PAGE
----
Times New Viking "Rip It Off" (Matador)
Rip It Off sounds like shit on an iPod, but I haven't decided whether it's a bad thing or not. The nerd/purist in me likes the idea of a band deliberately making an album that is almost corrosive when pumped through a set of ear buds. (I'm not anti-iPod, I'm just secretly anti-tech-hegemony.) But the time-strapped grownup in me is like, "argh, I wanna hear these admittedly kickass indie-rock songs while I walk around, but without feeling like my auditory canals have been blasted with itching powder." (Did I just type that?)
Maybe it's a moot argument, however; because even if Times New Viking is slyly anti-iPod, it's also perfectly old-school. The Columbus, Ohio, band fully embraces comparisons to Guided By Voices and Pavement and all those other '90s four-track heroes, so Rip It Off effectively qualifies as another on-the-mark Matador album from some kids who wouldn't know what to do with a big recording budget, anyway. (But I'll still ask them the anti-iPod question if I ever get the chance.) The band's songwriting -- which was occasionally spotty on its two Siltbreeze releases -- is now fully formed, even though the songs still generally clock-in at less than 2 minutes each: "DROP OUT" is the kind of anthem that Dr. Dog only seems to flirt with; "Relevant Now" combines the regal tone of a GBV showstopper with some rough innocence; and "Mean God" gives the Thermals a run for their money (even though the Thermals would do it more tightly and with more rhetorical precision). And that's just a somewhat-informal sampling of the 16 tracks.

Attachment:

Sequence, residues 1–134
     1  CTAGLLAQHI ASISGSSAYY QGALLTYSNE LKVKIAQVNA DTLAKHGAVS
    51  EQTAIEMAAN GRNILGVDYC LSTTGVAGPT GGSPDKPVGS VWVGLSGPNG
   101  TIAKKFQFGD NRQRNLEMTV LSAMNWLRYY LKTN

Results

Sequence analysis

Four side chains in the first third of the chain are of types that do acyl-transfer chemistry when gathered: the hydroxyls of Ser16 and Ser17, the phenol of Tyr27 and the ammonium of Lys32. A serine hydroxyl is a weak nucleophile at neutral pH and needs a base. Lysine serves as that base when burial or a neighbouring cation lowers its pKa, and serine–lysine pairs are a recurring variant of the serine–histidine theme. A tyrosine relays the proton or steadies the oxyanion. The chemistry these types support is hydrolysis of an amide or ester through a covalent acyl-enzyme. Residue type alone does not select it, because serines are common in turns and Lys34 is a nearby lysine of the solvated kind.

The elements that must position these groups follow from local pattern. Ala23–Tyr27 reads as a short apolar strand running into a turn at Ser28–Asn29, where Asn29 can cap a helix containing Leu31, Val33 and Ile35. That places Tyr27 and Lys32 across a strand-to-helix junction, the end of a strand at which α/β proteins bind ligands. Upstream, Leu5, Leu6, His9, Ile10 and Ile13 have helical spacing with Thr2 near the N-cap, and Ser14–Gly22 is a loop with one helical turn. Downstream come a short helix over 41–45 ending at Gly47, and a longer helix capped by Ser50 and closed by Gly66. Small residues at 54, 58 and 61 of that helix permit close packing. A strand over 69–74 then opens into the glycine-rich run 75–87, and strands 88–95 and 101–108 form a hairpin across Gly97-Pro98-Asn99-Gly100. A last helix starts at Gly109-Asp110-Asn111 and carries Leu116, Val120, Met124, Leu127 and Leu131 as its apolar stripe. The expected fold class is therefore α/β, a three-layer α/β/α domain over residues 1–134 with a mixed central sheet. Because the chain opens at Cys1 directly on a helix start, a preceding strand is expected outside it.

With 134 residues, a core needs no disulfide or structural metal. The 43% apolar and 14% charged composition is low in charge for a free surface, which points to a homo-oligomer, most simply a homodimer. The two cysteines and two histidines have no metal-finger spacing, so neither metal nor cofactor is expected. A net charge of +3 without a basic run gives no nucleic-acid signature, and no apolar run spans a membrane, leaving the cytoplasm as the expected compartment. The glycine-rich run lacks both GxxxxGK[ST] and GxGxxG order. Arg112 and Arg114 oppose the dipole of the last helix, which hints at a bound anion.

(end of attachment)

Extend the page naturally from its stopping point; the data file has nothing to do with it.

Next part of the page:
The difference between TNV and its sonic forebears is plain, though. Where many of GBV's song-blasts inspired (and required) a certain amount of extrapolation from the listener -- and Pavement sounded cerebral from the get-go, despite its small investment in studio time -- TNV purposefully operates in miniature, both as a function of time and a function of sound. When a track like "Times New Viking vs. Yo La Tengo" vamps-out at 1:45, it's because there's nothing else to say -- not because the band decided to let an idea hang out to dry. And the fact that it sounds like shit might actually be a gesture of humility. They'll get over it sooner or later.